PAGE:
This year marks the twenty year anniversary of Lonesome Larry, a lone sockeye salmon that made the 800 mile trip from the ocean to Redfish Lake in central Idaho. It helped jump start a multi-billion dollar effort to save Snake River salmon from certain extinction.
Lonesome Larry wasn’t a large salmon - in fact he was barely a foot long. Sockeye aren’t the largest species of salmon. An average Chinook is typically twice that size or larger. But Lonesome Larry didn’t care, he swam - upriver past eight gigantic federal dams, up raging waterfalls and past countless natural predators.
The journey means climbing nearly 6500 vertical feet. He was the lone sockeye to complete the journey in 1992.
“Lonesome Larry 20-years ago was the last fish," explains Rocky Barker. "One fish and maybe a couple more the next year.”
Barker wrote about Lonesome Larry recently in the Idaho Statesman.
Today, more than a thousand sockeye make that same journey. Traveling tail first to the ocean as juveniles.
Barbara Gudgel lives near Redfish Lake and often watches returning sockeye in the fall.
“It’s amazing they know their way back," she says. "They come back home where they were born and raised. It’s just amazing. There is nothing in nature like it.”
Lonesome Larry is a reminder of the decline of Idaho’s salmon. Two hundred years ago - biologists believe salmon were icons of abundance. Wesley Oatman, a member of the Nez Perce Indian Tribe says even his ancestors had a hard time describing the abundance.
“I can’t imagine putting a number on the amount of fish that were here at one time. I would say in the the ten to twenty million range. I know it is a multi-million fish industry at one time for us,” says Oatman.
Every summer, Oatman and his family continue their fishing heritage. He fishes along the banks of Rapid River near Riggins about three hours north of Boise. He uses a net attached to a long pole and scoops large Chinook Salmon from the river. Only tribal members are allowed to fish here - protected by treaty.
“It’s what I do every year," he says. "I’ve been bred to do this you know. We’re a salmon people."
By 1991, sockeye salmon in Idaho were practically gone. The annual returns were in the single digits. Everything changed that year, the federal government listed the sockeye salmon on the Endangered Species List.
The government acted at the urging of the Shoshone Bannock Tribes. Federal protections for wildlife in danger of extinction. Rocky Barker says, “We all kind of all at once rediscovered this fish that really is such an icon for the whole region.”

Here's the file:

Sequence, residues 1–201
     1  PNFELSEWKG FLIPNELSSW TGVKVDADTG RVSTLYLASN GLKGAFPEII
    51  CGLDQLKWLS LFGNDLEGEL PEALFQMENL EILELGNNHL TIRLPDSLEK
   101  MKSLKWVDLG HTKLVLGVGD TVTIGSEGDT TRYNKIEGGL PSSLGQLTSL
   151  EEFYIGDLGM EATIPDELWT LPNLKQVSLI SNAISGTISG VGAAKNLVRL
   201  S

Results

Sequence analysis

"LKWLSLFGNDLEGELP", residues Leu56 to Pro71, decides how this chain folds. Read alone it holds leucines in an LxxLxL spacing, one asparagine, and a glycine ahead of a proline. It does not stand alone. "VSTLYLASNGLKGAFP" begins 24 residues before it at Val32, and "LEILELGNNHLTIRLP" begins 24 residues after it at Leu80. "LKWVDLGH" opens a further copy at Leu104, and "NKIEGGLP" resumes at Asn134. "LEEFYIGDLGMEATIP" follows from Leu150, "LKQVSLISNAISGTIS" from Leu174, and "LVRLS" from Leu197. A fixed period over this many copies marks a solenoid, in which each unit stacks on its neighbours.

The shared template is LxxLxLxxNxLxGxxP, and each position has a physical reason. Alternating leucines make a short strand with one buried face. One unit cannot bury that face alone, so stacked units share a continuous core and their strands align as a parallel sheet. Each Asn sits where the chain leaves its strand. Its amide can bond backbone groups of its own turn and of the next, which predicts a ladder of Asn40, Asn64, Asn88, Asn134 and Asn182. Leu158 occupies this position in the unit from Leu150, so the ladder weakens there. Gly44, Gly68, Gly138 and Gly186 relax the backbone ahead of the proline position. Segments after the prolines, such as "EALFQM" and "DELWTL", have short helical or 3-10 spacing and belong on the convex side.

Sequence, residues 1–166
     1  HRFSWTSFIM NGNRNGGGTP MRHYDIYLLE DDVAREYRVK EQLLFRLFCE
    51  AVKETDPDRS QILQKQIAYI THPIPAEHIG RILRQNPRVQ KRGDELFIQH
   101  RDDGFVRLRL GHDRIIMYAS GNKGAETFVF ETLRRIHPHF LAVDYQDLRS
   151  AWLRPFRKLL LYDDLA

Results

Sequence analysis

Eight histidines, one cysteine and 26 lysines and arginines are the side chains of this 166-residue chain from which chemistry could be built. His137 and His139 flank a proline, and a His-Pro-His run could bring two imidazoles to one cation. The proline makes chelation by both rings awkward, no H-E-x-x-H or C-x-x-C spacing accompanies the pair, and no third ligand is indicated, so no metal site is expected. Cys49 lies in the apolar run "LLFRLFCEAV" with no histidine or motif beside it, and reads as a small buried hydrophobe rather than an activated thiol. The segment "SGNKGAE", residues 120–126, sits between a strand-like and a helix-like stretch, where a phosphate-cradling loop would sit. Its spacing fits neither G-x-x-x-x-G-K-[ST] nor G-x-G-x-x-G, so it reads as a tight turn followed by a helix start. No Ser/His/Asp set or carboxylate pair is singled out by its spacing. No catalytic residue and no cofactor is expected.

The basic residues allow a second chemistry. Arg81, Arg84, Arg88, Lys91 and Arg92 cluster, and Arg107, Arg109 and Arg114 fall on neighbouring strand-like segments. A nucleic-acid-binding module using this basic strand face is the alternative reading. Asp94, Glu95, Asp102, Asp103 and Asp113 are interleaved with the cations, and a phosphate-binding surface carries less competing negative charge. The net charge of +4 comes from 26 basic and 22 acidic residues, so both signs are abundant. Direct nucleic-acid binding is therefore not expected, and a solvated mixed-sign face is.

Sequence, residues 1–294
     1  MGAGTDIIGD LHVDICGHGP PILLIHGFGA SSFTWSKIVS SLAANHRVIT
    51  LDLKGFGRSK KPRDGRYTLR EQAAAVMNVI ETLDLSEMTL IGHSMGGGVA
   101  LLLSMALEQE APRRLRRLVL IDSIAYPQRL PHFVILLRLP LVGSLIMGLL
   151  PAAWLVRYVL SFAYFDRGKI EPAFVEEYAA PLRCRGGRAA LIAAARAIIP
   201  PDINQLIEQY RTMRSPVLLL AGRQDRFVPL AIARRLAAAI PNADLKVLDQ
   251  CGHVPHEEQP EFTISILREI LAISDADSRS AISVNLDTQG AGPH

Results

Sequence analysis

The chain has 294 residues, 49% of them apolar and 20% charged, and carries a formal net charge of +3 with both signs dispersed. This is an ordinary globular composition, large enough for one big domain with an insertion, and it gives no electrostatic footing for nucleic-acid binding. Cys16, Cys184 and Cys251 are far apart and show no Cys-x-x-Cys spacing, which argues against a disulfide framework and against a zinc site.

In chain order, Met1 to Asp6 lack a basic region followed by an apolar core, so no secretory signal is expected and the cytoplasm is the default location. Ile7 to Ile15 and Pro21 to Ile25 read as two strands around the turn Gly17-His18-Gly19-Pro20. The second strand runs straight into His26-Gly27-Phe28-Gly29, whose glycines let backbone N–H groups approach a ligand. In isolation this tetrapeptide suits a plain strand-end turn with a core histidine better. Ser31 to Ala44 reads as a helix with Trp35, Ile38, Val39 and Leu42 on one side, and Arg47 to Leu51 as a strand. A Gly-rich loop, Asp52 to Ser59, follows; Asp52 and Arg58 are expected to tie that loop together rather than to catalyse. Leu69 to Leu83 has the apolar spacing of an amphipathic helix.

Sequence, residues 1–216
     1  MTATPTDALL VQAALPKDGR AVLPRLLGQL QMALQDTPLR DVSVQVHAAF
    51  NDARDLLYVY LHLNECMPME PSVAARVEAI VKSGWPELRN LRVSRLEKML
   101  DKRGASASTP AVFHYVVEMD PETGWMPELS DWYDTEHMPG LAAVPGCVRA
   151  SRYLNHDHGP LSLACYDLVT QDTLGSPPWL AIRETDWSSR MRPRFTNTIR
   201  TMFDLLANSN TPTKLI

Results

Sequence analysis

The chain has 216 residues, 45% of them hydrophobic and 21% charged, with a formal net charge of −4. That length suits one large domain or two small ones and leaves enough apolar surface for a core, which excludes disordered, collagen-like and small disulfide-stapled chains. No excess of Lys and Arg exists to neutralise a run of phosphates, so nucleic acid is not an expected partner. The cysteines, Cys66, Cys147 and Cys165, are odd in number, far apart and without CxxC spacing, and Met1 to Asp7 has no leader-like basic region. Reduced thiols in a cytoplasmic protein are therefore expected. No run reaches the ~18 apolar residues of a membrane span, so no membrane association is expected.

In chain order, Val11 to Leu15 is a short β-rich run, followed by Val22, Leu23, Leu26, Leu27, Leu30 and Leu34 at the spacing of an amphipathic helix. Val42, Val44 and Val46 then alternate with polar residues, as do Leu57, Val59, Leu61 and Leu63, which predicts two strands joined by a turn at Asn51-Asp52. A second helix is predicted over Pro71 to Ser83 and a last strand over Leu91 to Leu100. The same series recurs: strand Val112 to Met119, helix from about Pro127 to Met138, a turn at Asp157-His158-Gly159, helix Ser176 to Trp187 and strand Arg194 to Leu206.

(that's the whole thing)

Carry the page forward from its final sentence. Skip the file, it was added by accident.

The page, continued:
Snake River Chinook were also listed as threatened. That started an effort to save the salmon.
The cost of preserving salmon in the Northwest runs into the hundreds of millions of dollars every year. And it’s a project that won’t end anytime soon.
Bonneville Power Administration manages the power generated at the eight federal dams on the mainstem of the Columbia River and the lower Snake River. Because salmon are federally protected, BPA spends millions to help salmon recovery efforts.
Jason Sweet is a staff biologist for the BPA. “Annually, it is close to 240 million a year for our overall program.”
The money pays for hatcheries to mitigate for the loss of salmon caused by dams. It helps pay for barging and trucking of juvenile salmon downriver so they avoid the hydroelectric turbines altogether. And it pays for habitat recovery that benefits returning adult salmon.
But some like Bert Bowler with Salmon Solutions - a salmon advocacy group says the real solution is tearing down the dams. “If we are going to recover Snake River salmon and Steelhead, it’s going to require dam removal. Period. And the science pretty much says that.”
Not every agrees with Bowler, hydropower provides sixty percent of the electricity in the Northwest.
Terry Florez with Northwest River Partners promotes the benefits of hydropower. She says hydropower in the Northwest cuts carbon emission in half over other parts of the country. Dams also provide affordable energy.
But the loss of salmon isn’t an option either. They are a keystone species, providing vital elements to a wide variety of plants and animals.
Tom Stuart - a lifelong fisherman explains. “But in Idaho our entire state has in fact been fertilized by ions of big salmon returning to Idaho to spawn and die and fertilize our watersheds and our landscapes.
This is not just important for Idaho but for many places like Washington and Oregon with rivers and streams.
Politically, finding a solution that benefits salmon has been slow. The creation of a federal salmon management plan has been tied up in court for two decades and continues at least until 2014. The issue of federal dam removal may rest on Congress. They funded the dams and are the only ones who can order them removed. That isn’t likely to happen anytime soon.
In the meantime, salmon advocates worry that if we don’t do something soon. Salmon may fall victim to a changing climate. The future is anything but certain.
Copyright 2012 EarthFix